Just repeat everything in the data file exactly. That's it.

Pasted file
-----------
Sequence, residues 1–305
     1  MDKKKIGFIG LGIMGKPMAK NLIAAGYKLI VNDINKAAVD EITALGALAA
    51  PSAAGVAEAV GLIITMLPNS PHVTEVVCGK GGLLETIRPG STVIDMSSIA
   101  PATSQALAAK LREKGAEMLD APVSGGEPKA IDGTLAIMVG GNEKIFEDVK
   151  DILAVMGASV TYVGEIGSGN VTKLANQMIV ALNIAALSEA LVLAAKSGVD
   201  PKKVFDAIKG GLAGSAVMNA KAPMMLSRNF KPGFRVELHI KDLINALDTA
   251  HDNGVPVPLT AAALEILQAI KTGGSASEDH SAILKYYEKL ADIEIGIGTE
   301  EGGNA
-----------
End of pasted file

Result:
Sequence, residues 1–305
     1  MDKKKIGFIG LGIMGKPMAK NLIAAGYKLI VNDINKAAVD EITALGALAA
    51  PSAAGVAEAV GLIITMLPNS PHVTEVVCGK GGLLETIRPG STVIDMSSIA
   101  PATSQALAAK LREKGAEMLD APVSGGEPKA IDGTLAIMVG GNEKIFEDVK
   151  DILAVMGASV TYVGEIGSGN VTKLANQMIV ALNIAALSEA LVLAAKSGVD
   201  PKKVFDAIKG GLAGSAVMNA KAPMMLSRNF KPGFRVELHI KDLINALDTA
   251  HDNGVPVPLT AAALEILQAI KTGGSASEDH SAILKYYEKL ADIEIGIGTE
   301  EGGNA